Annapurna Circuit Day 13: Muktinath to Kagbeni
Day 13 April 4, 2018: Muktinath (3710m) to Kagbeni (2804m), distance: 9 miles, duration: 4h 45m, elevation gain: -906m, ascended: 666 feet, descended: 3018 feet, food: $27.80, lodging: $5.00 at Asia Hotel, total distance to date: 94 miles
The Western side of Thorong-La Pass presents an arid landscape in and around Muktinath. A persistent wind whips across the terrain, chiseling escarpments and carving small canyons into the sandstone and sedimentary detritus swept down the mountain. This vast fluvial fan extends down to the Kali Gandaki River 1,000 meters below. Despite descending over a mile from the top of the Pass two days ago, we are still over 12,000 feet in elevation.
Today, in light jackets, we followed the debris flow downwards to Kagbeni, along a lonely dirt road void of vehicles and snow. This is the Mustang (pronounced "MOOstang) district, formerly a Tibetan kingdom and now inhabited by a large population of Tibetans and Thakalis. The architecture on this side of the Pass is distinctive. While many of the villages on the eastern side of the Pass were originated or expanded to serve the increasing volume of Annapurna Circuit trekkers, the villages on the western side have a long, important history of trans-Himalayan trade and mercantilism. As we walked past the fertile fields of Jhongur and Putak, people were going about their lives, un-intrigued by our foreign presence. We were not propositioned for tea, lunch, or choc-o-late one time. In Jhongur, a man went out of his way to get the key to the Buddhist monastery so we could take a look inside and then refused our tip for his help. Different world on this side of the Pass.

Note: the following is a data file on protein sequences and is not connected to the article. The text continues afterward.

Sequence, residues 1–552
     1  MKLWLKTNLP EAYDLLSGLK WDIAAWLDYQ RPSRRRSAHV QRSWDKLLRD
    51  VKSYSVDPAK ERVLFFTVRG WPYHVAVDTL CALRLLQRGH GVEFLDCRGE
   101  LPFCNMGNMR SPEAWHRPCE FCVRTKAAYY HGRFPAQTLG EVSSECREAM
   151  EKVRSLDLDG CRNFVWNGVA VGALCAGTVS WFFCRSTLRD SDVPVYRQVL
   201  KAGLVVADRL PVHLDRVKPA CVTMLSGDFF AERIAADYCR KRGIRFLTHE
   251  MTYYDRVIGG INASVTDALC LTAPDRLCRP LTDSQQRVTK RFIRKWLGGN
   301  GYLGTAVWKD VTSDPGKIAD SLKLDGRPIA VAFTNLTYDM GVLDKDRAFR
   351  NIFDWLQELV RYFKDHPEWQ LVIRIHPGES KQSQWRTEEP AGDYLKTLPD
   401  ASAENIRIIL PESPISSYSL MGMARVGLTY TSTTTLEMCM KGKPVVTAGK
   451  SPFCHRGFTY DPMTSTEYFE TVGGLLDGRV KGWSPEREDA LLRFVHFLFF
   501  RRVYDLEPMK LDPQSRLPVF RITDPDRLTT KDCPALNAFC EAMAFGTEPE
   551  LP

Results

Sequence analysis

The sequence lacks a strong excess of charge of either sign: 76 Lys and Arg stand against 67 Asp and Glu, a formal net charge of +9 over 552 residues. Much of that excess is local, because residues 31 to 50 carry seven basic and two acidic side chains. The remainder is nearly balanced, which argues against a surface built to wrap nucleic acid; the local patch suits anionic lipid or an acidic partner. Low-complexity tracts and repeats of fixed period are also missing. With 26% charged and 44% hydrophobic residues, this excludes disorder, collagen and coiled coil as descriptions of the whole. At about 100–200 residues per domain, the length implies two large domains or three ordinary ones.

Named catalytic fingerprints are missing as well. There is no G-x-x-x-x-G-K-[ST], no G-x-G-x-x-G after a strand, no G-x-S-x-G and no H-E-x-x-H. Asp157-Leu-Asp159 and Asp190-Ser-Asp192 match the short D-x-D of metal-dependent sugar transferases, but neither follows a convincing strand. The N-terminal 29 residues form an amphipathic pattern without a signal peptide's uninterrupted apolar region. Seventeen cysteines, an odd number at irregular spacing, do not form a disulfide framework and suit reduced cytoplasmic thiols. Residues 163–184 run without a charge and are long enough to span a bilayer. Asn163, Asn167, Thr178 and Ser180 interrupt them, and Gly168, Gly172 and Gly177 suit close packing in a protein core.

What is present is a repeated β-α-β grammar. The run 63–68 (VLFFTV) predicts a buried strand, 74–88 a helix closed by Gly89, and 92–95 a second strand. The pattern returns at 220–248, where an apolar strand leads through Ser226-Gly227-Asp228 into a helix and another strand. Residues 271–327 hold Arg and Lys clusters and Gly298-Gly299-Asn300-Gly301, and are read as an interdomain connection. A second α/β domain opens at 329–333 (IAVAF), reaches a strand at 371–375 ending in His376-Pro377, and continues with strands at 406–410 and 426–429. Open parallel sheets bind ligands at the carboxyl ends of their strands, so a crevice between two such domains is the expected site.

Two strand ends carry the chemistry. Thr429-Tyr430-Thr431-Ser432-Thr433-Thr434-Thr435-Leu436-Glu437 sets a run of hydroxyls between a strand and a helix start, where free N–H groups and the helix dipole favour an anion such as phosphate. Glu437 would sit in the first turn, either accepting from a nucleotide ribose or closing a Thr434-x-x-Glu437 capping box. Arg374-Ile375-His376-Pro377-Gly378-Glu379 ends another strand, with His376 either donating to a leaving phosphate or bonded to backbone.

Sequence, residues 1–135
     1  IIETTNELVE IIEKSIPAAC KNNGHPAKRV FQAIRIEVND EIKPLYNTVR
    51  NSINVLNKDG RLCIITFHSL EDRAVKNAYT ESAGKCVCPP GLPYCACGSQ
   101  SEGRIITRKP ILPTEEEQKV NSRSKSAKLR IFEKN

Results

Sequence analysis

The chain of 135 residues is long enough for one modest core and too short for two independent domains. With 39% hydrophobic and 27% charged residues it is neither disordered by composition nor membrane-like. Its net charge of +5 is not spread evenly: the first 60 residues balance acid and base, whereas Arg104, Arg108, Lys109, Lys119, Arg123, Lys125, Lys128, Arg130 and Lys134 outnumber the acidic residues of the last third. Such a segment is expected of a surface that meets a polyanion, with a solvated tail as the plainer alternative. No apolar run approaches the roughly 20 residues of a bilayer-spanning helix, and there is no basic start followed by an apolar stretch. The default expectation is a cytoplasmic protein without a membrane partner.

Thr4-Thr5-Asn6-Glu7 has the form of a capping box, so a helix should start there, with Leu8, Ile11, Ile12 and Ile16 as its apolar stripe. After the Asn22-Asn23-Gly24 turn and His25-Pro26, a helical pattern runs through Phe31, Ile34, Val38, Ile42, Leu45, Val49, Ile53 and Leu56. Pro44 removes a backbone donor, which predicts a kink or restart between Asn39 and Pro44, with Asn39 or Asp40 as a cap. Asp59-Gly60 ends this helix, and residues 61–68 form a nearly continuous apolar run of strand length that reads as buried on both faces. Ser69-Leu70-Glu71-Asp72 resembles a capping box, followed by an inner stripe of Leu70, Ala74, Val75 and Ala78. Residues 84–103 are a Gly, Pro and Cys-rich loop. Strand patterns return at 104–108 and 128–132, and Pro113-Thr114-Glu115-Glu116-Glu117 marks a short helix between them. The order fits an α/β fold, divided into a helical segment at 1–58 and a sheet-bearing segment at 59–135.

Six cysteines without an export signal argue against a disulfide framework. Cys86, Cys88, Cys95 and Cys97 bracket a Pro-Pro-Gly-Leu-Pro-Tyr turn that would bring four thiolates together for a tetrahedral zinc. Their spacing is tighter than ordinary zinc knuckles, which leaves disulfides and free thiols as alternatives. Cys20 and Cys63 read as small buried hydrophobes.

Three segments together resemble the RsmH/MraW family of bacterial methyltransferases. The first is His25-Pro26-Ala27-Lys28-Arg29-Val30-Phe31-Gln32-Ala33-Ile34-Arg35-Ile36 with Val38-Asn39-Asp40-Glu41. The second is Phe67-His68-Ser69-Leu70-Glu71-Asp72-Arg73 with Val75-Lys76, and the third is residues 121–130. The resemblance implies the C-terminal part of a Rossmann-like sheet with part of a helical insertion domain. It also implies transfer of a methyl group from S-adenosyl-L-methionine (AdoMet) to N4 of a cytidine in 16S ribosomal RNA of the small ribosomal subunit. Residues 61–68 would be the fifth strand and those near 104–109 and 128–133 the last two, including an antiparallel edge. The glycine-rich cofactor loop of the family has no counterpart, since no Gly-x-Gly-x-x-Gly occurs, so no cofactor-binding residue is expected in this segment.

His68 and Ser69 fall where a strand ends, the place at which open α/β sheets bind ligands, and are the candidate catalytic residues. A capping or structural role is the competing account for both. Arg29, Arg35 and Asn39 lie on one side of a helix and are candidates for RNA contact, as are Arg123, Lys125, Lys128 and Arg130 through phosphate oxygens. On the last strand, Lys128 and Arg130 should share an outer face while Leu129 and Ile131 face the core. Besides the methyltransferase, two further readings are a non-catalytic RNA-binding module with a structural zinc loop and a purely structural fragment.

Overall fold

The road meandered a couple of miles through these colorful hamlets. After crossing a wide, dry creek bed, however, it was just us and the dust for hours.
Reaching the great Kali Gandaki River, which carries water from the High Himalayas in Tibet to the Ganges River in India, I was quite surprised by its appearance. Within the wide, rocky basin, the river was just a narrow stream in the dry season. It must be quite a sight during the summer monsoons, though! After hours of brown, our eyes were drawn to a green oasis across the river. We thought it was Kagbeni, but the the road turned abruptly south. We climbed up and through a strange, solidified mud embankment, squeezing through a narrow crevasse. Then the view opened up to the verdant fields of Kabeni.